BOSTON — Like a man who had done so before, the only Blackhawks captain to win two Stanley Cup titles hoisted the silver chalice over his head on the TD Garden ice after Monday night's manic 3-2 victory over the Bruins.
Interestingly, Jonathan Toews then passed the Cup to Michal Handzus, who arrived via trade in April. Handzus passed it to Jamal Mayers, a respected veteran who didn't play at all in the postseason. Mayers passed it to Michal Rozsival, who signed as a free agent in September.
Stars or subs, late additions or longtime Hawks, the Cup's rite of passage during the celebration conveyed the message that everybody on the roster mattered. The order was no accident.
Obviously, this championship team knew precisely how to pass everything but the buck.
The responsibility for the organization's fifth Stanley Cup title — and second in four years, the first team to do that since the league imposed the salary cap in 2005 — dated back to a postseason meeting at the United Center last summer.
Make that postseason meetings.
"Stan (Bowman) and I talked a lot about what direction to go,'' President John McDonough said. "He really, really believed in this group.''
McDonough did too, but perhaps not to the extent Bowman did. It was after a flurry of free-agent activity by other teams that McDonough pressed Bowman at one of those meetings to make sure the status quo truly was worth embracing.
Bowman never wavered, not even with his boss. He stayed away from signing a big name to relieve public — or private — pressure and placed his faith in the core of a team coming off two straight first-round exits. He avoided a goalie controversy by reaffirming belief in Corey Crawford as doubt spread among the fan base. Mostly, he showed confidence in himself.
"I thought we had something in this group,'' Bowman said as fans chanted, "Corey! Corey!"
Bowman's conviction persuaded McDonough to stay the course. Sticking with a plan instead of succumbing to public calls for change also fit into the way Chairman Rocky Wirtz likes to operate — something Bowman would know after 12 years in the organization.
"Like all the businesses our family runs, we don't let emotion guide your better judgment," Wirtz said. "So why would we do that for a sports team just because somebody writes about them every day.''
Nobody paid much attention to Bowman's plan because of the 119-day NHL lockout that canceled 510 regular-season games before it ended Jan. 6. Three days later at the Hawks' first practice, Toews vowed to make it up to fans. More than six months later, nobody in Chicago would dare complain.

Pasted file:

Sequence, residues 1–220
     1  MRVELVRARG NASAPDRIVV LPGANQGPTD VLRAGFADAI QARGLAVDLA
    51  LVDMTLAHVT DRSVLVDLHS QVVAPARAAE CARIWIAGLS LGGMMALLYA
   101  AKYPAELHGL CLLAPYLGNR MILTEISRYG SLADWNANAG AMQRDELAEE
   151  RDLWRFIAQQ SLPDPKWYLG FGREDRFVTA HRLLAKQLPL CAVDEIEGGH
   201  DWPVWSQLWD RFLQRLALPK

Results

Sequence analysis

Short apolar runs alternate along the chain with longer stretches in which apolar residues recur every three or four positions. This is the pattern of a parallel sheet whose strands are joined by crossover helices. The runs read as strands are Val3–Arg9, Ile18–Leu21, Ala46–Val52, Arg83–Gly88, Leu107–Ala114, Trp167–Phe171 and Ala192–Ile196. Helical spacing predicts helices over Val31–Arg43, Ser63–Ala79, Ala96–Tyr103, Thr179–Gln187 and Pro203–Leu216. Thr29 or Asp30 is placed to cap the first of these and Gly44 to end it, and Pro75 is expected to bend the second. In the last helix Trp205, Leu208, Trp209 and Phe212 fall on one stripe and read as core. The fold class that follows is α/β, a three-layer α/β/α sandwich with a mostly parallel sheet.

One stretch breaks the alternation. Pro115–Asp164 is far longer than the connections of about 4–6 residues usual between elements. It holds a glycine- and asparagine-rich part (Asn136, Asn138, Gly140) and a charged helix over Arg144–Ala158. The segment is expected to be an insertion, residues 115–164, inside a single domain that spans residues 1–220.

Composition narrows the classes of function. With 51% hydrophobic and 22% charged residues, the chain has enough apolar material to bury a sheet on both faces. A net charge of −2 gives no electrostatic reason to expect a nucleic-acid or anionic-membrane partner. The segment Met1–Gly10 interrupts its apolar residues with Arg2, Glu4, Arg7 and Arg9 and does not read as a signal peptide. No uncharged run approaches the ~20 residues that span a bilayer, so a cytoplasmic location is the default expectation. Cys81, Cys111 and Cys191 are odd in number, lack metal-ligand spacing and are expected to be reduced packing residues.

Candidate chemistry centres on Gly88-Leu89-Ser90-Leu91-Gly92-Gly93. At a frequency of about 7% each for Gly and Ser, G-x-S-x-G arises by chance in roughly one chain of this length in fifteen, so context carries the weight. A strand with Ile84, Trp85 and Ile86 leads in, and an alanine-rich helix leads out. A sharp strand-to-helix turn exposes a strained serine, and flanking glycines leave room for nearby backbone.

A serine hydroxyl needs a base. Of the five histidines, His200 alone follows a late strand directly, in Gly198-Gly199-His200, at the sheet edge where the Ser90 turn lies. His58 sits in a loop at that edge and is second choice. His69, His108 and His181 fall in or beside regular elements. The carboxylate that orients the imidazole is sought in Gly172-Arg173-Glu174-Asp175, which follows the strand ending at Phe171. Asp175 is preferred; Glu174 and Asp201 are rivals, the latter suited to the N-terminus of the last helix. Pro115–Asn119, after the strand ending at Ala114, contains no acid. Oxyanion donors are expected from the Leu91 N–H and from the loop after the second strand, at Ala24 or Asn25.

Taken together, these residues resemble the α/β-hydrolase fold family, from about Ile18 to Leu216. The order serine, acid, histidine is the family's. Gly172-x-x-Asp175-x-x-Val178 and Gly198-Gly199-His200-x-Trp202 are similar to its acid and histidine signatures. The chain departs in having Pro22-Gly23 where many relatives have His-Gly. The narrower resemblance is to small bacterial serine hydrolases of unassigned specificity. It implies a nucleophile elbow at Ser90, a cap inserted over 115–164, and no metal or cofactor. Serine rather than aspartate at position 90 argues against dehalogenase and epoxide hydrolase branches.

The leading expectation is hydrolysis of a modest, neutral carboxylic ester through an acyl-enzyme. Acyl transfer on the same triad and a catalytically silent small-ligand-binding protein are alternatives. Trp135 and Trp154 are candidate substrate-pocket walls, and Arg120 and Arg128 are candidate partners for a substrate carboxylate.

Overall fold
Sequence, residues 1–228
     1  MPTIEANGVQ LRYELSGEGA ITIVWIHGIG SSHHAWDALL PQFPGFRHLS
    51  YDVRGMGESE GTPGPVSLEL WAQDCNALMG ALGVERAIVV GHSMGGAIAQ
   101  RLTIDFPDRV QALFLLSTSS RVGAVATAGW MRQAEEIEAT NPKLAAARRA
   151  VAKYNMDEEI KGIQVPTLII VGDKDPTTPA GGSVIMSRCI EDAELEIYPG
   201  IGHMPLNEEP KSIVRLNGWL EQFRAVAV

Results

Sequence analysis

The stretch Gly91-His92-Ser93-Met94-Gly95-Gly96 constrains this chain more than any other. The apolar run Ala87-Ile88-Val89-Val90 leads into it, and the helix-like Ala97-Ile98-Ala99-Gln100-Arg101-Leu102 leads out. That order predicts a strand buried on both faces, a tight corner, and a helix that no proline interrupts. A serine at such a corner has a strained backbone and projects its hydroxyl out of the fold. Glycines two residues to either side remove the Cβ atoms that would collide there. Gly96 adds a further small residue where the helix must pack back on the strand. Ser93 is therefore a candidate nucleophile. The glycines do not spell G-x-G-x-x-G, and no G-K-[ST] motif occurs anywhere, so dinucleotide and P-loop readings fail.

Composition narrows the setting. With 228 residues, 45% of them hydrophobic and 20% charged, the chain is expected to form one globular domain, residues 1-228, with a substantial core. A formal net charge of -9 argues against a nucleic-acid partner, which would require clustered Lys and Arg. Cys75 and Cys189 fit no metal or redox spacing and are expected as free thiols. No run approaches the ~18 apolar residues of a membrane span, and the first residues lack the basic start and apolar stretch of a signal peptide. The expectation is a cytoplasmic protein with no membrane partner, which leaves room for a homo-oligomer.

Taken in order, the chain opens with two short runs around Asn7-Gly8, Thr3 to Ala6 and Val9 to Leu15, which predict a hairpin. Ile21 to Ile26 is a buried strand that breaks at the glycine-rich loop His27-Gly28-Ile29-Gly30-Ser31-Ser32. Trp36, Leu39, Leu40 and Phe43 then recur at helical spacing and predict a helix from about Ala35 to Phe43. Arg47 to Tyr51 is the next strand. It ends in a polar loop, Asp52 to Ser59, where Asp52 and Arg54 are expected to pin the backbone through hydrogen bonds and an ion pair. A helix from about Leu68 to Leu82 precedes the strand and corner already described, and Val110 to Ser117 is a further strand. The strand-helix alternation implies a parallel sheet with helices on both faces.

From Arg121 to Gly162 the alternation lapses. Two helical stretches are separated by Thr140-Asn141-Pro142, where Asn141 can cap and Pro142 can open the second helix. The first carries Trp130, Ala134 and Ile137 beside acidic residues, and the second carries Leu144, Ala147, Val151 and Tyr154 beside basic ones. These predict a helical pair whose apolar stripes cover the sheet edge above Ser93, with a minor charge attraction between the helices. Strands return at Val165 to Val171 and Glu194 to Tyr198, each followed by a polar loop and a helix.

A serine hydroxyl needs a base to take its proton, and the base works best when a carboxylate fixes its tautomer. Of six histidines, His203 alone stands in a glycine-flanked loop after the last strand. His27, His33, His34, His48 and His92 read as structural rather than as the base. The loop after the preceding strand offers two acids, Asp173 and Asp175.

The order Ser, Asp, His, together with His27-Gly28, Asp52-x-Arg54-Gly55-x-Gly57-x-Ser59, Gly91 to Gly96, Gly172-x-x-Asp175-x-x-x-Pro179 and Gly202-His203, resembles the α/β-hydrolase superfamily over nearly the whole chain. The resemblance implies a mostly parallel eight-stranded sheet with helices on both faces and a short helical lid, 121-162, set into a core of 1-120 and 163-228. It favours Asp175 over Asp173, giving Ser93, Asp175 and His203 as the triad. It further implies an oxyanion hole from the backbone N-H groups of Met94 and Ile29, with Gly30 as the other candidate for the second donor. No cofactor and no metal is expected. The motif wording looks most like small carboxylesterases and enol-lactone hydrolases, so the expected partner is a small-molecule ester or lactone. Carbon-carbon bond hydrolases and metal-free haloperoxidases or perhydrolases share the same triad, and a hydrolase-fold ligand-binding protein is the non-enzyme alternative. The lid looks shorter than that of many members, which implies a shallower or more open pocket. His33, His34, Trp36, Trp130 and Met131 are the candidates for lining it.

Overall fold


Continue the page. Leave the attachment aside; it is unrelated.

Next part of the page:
A season that once endured threats of no hockey happily ends with hints of a dynasty. Going 24 straight games without a regulation loss was a great way to start. Beating the Bruins in the final 76 seconds was an even better way to finish.
"Keep the bars open — we're coming home,'' Toews said. "We're going to fill the Cup and we're going to share it with the city of Chicago.''
Seven years ago Monday, the Hawks selected Toews out of North Dakota with the third pick of the draft. Two Cups later, the hockey world can agree that looks like an inspired pick.
Whereas the 2010 Cup was more historic, this one was more dramatic. Both were seismic.
The Hawks trailed 2-1 when Bryan Bickell beat Tuukka Rask in front of the net with 1 minute, 16 seconds left. For Bickell, who quietly played through a sprained knee in the finals, it capped a postseason bound to make the free agent richer in July. But the value of his final goal of 2013 was inestimable. Just 17 frantic seconds later, Dave Bolland knocked in a deflection off Johnny Oduya's shot to create a feeling he later would call "better than sex.''
Brent Seabrook beat the Red Wings in Game 7 with an overtime goal, his first of two in the playoffs. Patrick Kane ousted the Kings with a hat trick. Andrew Shaw authored the "Shaw-Shin Deflection" with his Game 1 goal in triple overtime. But Bolland's goal, the most important of them all, enhanced the meaning of every one of those.
"It's the kind of thing you dream about as a kid growing up in Canada,'' Bolland said.